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Lehmann Maupin Hong Kong
2015.11.25 Wed - 2016.01.09 Sat
Opening Exhibition
407 Pedder Building, 12 Pedder Street, Central, Hong Kong
Opening Hours
Tuesday - Friday, 10 AM - 6 PM; Saturday, 10 AM - 7 PM
Rachel Lehmann and David Maupin

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Shriazeh Houshiary at Lehmann Maupin Hong Kong, 25 November
[Press Release]

Resonance, 2015, painted stainless steel, 27.05 x 75.2 x 20.39 in, 68.7 x 191 x 51.8 cm. Courtesy the artist and Lehmann Maupin, New York and Hong Kong.

Hong Kong, November 12, 2015—Lehmann Maupin is pleased to present Through Mist, Shirazeh Houshiary’s first solo exhibition in Hong Kong and her seventh show with the gallery. Through painting, sculpture, and animation, Houshiary plays with opposing ideas and states of being, including transparency and opacity, presence and absence, materiality and intangibility, and light and darkness, exploring the very nature of existence and metaphysical thought. The artist’s exhibition at the Hong Kong gallery debuts seven new works that address cross-sensory perception. Her paintings are meant to trigger the senses—not only sight, but touch, smell, taste, and sound as well—by registering associations with experience and memory. The paintings and wall sculpture attempt to articulate the infinite, a metaphysical reality that lies beyond the surfaces of her work. The artist will be present for an exhibition opening at the gallery on Wednesday, November 25 from 6-8PM.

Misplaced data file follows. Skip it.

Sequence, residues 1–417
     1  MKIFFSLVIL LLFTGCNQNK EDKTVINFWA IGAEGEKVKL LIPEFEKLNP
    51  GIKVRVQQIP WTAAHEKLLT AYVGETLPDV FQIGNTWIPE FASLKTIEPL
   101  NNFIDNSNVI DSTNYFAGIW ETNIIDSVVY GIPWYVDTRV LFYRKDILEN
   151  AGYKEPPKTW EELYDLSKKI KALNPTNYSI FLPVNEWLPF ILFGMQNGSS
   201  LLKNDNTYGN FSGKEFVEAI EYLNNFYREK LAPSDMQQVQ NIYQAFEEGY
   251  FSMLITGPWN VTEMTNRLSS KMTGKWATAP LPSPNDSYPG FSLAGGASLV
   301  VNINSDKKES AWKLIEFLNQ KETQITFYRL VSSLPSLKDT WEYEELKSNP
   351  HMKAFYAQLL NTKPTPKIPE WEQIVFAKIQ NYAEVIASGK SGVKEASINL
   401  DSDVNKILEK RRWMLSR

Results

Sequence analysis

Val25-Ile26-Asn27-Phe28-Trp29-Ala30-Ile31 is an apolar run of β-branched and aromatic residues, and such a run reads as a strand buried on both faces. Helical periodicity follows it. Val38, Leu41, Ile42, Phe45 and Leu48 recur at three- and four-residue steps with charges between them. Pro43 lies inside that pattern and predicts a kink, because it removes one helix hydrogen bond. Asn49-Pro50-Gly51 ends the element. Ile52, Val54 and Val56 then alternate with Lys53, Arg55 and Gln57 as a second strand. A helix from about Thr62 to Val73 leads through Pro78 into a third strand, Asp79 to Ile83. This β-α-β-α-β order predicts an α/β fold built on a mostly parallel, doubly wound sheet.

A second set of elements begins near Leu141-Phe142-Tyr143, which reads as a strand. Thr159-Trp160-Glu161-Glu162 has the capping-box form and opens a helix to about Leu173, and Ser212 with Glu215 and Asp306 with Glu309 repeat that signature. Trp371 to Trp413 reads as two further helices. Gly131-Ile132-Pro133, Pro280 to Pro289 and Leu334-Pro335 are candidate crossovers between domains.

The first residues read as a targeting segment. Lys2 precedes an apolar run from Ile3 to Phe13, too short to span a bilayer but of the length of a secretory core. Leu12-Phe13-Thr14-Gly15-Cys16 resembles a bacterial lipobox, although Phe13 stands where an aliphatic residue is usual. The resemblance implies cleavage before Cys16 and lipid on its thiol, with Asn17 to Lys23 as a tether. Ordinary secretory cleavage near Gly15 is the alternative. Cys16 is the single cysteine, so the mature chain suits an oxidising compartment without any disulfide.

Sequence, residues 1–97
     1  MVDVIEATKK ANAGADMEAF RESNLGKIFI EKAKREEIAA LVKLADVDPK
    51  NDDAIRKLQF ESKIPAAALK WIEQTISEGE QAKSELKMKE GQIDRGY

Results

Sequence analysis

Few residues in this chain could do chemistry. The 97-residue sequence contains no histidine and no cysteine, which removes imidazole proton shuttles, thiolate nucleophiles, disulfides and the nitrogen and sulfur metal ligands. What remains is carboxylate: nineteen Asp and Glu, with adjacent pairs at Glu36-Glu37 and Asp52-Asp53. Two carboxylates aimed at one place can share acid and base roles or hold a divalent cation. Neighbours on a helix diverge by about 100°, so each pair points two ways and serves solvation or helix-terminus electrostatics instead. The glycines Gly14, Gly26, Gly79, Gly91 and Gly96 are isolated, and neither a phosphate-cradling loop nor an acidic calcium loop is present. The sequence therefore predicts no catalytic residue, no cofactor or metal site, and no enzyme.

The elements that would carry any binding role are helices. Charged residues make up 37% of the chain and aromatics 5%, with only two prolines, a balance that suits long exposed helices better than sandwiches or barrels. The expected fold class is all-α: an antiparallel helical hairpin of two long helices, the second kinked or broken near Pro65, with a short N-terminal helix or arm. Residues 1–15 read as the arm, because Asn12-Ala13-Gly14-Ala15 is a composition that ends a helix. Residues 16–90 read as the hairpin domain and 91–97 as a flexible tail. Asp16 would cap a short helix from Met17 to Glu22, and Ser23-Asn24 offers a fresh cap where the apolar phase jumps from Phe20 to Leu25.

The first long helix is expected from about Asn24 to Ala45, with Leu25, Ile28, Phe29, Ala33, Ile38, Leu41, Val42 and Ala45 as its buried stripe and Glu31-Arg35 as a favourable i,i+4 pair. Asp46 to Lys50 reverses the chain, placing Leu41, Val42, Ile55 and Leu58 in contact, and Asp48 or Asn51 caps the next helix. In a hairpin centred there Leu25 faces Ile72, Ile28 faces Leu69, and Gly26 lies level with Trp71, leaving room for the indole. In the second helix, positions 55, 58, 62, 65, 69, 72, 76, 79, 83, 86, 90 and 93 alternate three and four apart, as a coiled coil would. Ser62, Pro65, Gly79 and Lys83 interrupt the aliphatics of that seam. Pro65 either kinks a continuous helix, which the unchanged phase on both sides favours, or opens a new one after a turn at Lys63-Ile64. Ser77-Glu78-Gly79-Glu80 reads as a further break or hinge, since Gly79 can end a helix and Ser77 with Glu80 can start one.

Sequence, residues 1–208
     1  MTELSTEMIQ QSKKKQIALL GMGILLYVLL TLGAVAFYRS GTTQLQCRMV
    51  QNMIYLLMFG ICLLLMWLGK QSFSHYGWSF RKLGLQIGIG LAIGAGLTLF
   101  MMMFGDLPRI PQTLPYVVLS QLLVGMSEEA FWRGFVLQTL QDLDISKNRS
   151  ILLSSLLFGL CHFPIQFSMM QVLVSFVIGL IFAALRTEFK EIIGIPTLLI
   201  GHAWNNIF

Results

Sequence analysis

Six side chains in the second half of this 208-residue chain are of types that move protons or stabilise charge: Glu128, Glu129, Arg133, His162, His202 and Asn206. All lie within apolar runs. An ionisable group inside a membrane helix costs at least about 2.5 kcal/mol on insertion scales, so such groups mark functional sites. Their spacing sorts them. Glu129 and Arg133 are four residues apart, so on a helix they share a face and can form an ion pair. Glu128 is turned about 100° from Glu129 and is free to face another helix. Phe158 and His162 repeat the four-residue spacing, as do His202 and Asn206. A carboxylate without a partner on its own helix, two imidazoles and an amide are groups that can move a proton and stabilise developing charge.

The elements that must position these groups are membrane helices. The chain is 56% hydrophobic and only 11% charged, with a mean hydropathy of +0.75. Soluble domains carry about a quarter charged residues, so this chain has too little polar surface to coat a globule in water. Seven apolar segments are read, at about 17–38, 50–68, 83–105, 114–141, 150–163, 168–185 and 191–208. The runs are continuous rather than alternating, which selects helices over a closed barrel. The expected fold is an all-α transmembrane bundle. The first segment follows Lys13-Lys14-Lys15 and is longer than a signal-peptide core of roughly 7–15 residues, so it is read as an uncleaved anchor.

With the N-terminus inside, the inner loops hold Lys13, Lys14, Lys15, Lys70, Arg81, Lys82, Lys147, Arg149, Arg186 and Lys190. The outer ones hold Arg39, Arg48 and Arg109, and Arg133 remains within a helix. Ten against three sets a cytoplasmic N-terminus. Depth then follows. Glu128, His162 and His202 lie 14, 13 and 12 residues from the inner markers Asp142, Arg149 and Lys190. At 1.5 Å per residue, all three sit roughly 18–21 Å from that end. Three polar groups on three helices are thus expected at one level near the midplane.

Houshiary’s time-consuming artistic process involves the build-up of multiple layers of pigment, pattern, and line. This laborious and intricate technique involves placing the canvases on the floor of her studio and working from a horizontal viewpoint, meaning that the scale of her work is often informed by her own physical body. Given her use of pencil and pigment, the paintings appear almost transparent, yet the succession of layers gives a strong sense of depth and dimension. Houshiary’s work is meant to be experiential, and the viewer’s perception is of vital importance to understanding her subtle and detailed visual language.


In her latest paintings, Houshiary’s organic gestures manifest in diaphanous, sweeping marks that appear to undulate and vibrate across the surface of the canvas. The marks are an accumulation of tightly written and highly organized words obscured through repetition and overlap that create a mesh-like veil and give the works a feeling of flux and infinity. The luminous works call to mind associations with shifting atmospheres, migratory currents, fingerprints, and topographies.


Cast in stainless steel and coated in matte black paint, the wall sculpture Resonance is lit so that it creates no shadow, contrasting to the luminosity of Houshiary’s paintings. Resembling spiraling ribbons, Resonance reiterates the sense of the infinite, challenging perceptions of time, space, and presence.